On that note, time to get going! Happy New Year to all, and may the trail rise to meet your every step in 2018! I will talk to you again very soon, so STAY TUNED!

Holiday Errands and Hungry Hawks

It’s the holiday season, which means the hustle and bustle around the city of Altoona is unbearable.  It would seem that drivers just decide to make up their own rules for the road when this time of year comes around.  So naturally, when I had some errands to run yesterday, I was out to get them done as quickly and painlessly as possible.  I had art-related work to get done which doubled as a Christmas gift buying trip.

My trip out involved getting a half dozen prints of my work matted and ready for pick up, and making some prints of an Eastern Screech Owl pen and ink that I’ve had stashed away for a few months:

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There has been an Eastern Screech Owl making random appearances in our yard locally.  We’ve never seen him or her, but we’ve certainly heard the whinnying calls from the arborvitae and eastern hemlock trees outside.  I’m sure the fact that we have so many birdfeeders has contributed to the rodent population – with which the owls and birds of prey are willing to help remedy.

I haven’t seen the sick House Finches that have been showing up around the yard.  We took our feeders down and soaked them in bleach water. (1 part bleach, 9 parts water) to kill any hint of the finch disease that may linger on the feeders to spread to other House Finches.   Once thoroughly dry, we put new seed in the feeders and hung them up again. Hopefully this helps slow the disease down, but it’s clear that this is an ongoing problem in the Eastern U.S.  Perhaps if mankind didn’t capture these birds out west and interbreed them as “Hollywood Finches” they wouldn’t be so susceptible to a disease that normally only affects poultry.  I am reporting my findings to Cornell Lab of Ornithology and hope to become part of their citizen science program. Any way I can contribute to bird conservation and protection, I will.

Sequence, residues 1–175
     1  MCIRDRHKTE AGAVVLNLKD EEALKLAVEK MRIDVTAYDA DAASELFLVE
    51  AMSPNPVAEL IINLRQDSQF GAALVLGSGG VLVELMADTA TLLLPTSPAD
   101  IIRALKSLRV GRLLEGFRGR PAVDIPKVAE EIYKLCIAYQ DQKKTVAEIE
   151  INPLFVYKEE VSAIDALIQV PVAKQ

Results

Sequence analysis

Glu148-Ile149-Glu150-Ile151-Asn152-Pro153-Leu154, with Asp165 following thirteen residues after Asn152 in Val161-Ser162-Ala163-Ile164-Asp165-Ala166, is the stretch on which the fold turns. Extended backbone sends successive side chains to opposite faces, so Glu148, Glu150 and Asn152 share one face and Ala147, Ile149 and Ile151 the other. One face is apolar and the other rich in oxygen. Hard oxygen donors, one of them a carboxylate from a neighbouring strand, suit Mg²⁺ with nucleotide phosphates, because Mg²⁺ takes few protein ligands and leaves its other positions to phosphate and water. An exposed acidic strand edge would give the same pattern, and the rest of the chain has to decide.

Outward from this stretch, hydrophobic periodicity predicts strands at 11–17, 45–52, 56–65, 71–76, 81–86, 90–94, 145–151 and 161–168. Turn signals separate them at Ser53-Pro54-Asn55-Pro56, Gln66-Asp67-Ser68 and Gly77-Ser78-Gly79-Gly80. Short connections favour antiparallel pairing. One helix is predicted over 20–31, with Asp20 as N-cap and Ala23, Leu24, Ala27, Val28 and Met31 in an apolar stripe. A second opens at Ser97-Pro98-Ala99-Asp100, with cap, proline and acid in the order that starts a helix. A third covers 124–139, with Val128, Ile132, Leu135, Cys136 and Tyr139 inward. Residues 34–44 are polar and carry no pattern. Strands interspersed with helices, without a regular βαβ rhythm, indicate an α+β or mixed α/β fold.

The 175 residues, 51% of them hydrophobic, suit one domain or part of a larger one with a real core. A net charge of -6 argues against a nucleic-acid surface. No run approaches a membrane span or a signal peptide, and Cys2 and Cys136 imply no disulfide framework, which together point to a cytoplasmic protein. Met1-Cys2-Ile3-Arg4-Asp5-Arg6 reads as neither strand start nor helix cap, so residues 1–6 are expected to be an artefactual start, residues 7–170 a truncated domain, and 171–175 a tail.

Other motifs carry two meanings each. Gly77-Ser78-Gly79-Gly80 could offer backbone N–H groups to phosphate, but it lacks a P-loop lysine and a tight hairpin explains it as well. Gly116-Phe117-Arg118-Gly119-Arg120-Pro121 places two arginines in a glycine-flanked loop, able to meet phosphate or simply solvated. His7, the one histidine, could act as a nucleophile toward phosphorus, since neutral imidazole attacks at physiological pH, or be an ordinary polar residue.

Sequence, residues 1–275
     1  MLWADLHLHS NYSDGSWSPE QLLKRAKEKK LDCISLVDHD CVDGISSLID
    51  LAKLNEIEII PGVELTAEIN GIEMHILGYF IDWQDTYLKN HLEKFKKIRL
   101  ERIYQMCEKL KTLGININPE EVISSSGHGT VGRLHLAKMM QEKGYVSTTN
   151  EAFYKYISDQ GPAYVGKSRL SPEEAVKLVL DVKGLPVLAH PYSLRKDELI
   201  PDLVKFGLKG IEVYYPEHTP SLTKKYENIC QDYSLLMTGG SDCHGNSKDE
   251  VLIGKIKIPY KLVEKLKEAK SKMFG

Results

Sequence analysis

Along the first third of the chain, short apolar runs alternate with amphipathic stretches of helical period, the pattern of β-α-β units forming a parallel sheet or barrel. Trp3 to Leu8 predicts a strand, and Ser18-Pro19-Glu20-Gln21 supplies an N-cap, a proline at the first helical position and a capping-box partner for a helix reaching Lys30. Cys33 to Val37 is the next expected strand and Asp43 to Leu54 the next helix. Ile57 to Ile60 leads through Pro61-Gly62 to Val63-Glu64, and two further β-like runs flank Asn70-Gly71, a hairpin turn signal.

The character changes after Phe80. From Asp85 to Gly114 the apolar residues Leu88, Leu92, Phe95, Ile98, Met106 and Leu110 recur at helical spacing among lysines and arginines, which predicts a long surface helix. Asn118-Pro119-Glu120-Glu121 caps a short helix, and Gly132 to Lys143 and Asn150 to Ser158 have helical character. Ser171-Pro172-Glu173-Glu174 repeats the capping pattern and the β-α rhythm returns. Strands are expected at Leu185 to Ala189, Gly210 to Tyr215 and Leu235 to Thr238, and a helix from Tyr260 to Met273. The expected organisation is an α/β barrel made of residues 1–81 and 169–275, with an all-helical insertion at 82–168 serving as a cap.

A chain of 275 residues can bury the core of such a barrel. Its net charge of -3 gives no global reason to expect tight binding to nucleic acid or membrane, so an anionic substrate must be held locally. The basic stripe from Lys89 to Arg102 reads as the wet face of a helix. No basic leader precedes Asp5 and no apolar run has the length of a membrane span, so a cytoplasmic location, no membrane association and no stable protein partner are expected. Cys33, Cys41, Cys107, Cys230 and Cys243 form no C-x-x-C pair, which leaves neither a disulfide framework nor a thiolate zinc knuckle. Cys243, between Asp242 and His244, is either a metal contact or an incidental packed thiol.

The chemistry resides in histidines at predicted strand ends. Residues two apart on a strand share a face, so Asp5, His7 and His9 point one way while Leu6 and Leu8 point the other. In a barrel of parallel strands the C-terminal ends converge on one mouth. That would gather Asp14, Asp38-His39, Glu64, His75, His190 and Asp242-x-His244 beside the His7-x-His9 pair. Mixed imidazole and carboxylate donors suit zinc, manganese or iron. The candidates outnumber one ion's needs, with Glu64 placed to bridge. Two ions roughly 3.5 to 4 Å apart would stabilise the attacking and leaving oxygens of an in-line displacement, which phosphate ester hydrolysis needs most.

It’s been a good week for my trout art.  I’ve sold three matted prints including two full color rainbow trout prints and a pen and ink of one hell of a ‘lunker’ brown trout on a streamer. (A streamer is a long fly lure used to mimic a baitfish or aquatic insect.)

The two paintings with green mats are my entries to last years Delaware Trout Stamp – which I did not so much as place in!! My skills have grown since then, however, and I greatly look forward to entering two pieces in the next contest – which starts pretty soon actually.  In addition to that I have compiled a hefty list of other stamp contests to participate in for 2015.  You can click on my trout art below for a better look at the art itself.

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The Cooper’s Hawk that has been visiting the yard for prey has made a successful kill.  I’m guessing the bird that was nabbed was either a sick house finch, a house sparrow (both of which are invasive and bullies) or a female cowbird (a parasite, but native bird, that lays its eggs in other birds nests – dooming their own chicks to plummet to the earth).  Either way, I’m okay with it.  All that remained in the yard was a beak and a pile of feathers- a troublesome bird has been removed – and now we won’t have a juvenile starving Cooper’s Hawk on our hands.  The circle of life!  Sometimes ugly, but always necessary.

Just say the hell away from my native birds, Mr. Cooper’s Hawk.  Please?

 

Art

Next year is looking pretty good already in terms of art exhibits and opportunities.  My career as a wildlife artist continues to grow, and the bigger it seems to get, the more food it requires!  Not literal food of course, I’m referring more to the spiritual nutrients we artists get when showing our work thru events and exhibitions! Ha!  I look forward to these in order to get my name out there, but also to brush elbows with some of our areas fine artists and possibly learn from them.

So far for 2015, I have seven group art exhibits marked, which is 7 opportunities to make new connections.  These group exhibitions are often big attractors – more so than a solo exhibit might be – which means my art will be exposed to a lot of people who may not know my name yet. And so, I have full intentions on making that list grow even more but I’m trying to find a healthy balance between exhibitions and art competitions.

Here’s to new successes!